Sales & Marketing

Develop Your Marketing Plan

Develop Your Marketing Plan

Attracting customers takes a lot more than physical space; it requires marketing. In fact, it requires smart marketing. Build your new business with a solid strategy for selling it to the world around you.

By Jennifer Lawler

If you’re starting a small business or seeking to grow your customer base, marketing can be a powerful tool to help you realize your goals. Marketing is defined by Merriam-Webster as "the process or technique of promoting, selling, and distributing a product or service." To enact a productive marketing strategy, a business must first create a thorough marketing plan. Fortunately, creating an effective marketing plan can be as easy as asking yourself five simple questions.

1. Whom do I Intend to Serve?
According to Sandra Beckwith, a small business advisor and author of Streetwise Complete Publicity Plans: How to Create Publicity that Will Spark Media Exposure and Excitement, a successful marketing plan begins with identifying your target market. If you’re a bridal salon owner, for instance, you should ask yourself, “Where are the brides? Who are they?”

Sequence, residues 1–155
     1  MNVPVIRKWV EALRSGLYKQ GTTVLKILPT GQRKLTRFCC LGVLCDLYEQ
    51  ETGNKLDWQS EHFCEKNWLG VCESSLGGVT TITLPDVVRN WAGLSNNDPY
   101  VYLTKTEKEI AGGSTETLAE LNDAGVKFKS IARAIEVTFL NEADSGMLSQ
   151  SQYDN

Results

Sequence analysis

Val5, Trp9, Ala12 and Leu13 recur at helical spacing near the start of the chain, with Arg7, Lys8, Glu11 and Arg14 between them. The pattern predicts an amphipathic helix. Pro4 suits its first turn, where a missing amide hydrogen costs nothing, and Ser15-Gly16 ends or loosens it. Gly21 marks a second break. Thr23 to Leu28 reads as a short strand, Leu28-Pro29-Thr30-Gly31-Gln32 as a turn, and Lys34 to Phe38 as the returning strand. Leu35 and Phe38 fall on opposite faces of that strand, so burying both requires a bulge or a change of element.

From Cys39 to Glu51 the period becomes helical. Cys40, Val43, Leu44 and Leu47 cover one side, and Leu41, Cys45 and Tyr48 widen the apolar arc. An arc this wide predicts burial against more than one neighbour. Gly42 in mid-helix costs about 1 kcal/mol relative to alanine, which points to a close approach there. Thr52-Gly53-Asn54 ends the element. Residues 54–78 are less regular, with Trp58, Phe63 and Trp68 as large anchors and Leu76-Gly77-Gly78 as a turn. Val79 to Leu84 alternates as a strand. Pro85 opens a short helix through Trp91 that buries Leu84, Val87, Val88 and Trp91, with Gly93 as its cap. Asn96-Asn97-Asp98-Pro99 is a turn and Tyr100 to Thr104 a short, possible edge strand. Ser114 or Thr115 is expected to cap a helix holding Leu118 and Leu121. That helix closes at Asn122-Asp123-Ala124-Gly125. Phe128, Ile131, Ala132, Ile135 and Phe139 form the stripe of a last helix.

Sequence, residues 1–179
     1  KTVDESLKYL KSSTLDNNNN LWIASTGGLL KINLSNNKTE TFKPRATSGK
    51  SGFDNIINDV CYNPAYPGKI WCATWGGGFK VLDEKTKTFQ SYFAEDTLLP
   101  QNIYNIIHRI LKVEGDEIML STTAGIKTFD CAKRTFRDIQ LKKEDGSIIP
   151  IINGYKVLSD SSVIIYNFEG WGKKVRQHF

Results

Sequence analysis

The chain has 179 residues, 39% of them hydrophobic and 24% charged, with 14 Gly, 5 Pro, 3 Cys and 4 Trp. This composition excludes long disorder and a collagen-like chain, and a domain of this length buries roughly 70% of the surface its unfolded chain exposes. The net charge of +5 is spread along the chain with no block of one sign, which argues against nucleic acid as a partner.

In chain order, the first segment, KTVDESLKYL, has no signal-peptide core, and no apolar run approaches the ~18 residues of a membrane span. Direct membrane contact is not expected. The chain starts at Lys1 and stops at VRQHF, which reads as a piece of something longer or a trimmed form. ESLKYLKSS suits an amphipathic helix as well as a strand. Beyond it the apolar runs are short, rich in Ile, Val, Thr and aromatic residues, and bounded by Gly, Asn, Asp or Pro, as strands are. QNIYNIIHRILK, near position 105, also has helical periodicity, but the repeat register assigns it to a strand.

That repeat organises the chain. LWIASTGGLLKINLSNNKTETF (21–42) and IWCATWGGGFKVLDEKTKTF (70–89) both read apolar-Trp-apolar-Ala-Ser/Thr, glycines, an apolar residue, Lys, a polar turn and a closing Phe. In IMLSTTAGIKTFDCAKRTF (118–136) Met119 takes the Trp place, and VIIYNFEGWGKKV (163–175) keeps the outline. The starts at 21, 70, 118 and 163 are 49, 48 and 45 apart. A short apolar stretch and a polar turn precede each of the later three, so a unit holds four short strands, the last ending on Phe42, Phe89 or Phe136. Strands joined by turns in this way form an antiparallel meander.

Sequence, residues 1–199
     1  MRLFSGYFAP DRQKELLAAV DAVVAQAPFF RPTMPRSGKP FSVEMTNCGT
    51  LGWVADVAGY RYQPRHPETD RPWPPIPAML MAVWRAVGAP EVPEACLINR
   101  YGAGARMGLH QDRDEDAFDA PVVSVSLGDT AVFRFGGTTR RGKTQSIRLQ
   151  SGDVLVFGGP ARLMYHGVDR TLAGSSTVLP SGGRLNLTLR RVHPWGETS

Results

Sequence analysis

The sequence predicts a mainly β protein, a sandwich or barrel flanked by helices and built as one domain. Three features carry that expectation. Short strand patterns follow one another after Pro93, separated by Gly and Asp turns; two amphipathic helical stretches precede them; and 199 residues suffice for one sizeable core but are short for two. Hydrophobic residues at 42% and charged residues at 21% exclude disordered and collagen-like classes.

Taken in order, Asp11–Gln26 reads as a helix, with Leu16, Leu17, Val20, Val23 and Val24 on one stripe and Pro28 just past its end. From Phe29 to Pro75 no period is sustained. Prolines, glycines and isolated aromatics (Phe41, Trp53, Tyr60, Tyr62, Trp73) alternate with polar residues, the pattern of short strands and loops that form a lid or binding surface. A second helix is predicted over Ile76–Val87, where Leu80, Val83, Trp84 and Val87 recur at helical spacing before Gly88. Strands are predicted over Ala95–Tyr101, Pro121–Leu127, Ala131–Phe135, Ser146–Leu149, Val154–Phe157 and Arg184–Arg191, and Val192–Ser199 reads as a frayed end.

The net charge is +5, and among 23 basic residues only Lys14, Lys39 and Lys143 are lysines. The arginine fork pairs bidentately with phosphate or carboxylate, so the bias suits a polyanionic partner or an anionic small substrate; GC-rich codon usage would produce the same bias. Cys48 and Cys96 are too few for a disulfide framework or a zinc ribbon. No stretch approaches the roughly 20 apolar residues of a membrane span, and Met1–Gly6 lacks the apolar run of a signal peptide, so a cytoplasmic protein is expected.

Small business owners often market too broadly, says Beckwith, who suggests thinking in terms of niches. “What do you do better than anyone else?” she asks. The owner of a bridal salon might decide to be a source for discounted dresses or the go-to place for second-time brides or a clearinghouse for high-fashion dresses. The bottom line, says Beckwith, “You can’t be all things to all people.”

2. How Can I Make Customers Aware of My Products and Services?
It is crucial that you identify ways to reach the customers who are interested in your particular niche, says Ned Barnett of Barnett Marketing Communications, who writes his own blog about how to successfully market and promote a business.

For example, Barnett says that if you’re situated in a retail location, chances are your customers come from within a 3- to 5-mile radius, so there’s no need to advertise on television or radio in order to reach those customers. In fact, it would probably be wasteful. Instead, he says, “You need to find ways to market to people right around you. If you’re in an area that has become largely Hispanic, then you need to market in Spanish. Or if you’re in an area that’s become upscale, you can’t be the dollar store any more.”

Reaching customers means understanding what influences their buying decisions, says Kevin McLaughlin, principal of Resound Marketing. “This can range from consumer press and trade journals to business peers and industry organizations to friends and family. Understanding what influences those buying decisions can help you gauge the effectiveness of the tools you should use.”

3. What am I Capable of?
According to Barnett, your marketing plan should be based on your own abilities. “You figure out what you can do and what your area of competence is and you start by doing that,” he says. “If you don’t know anything about radio, but think you should advertise on the radio, you can end up dissatisfied with the results.”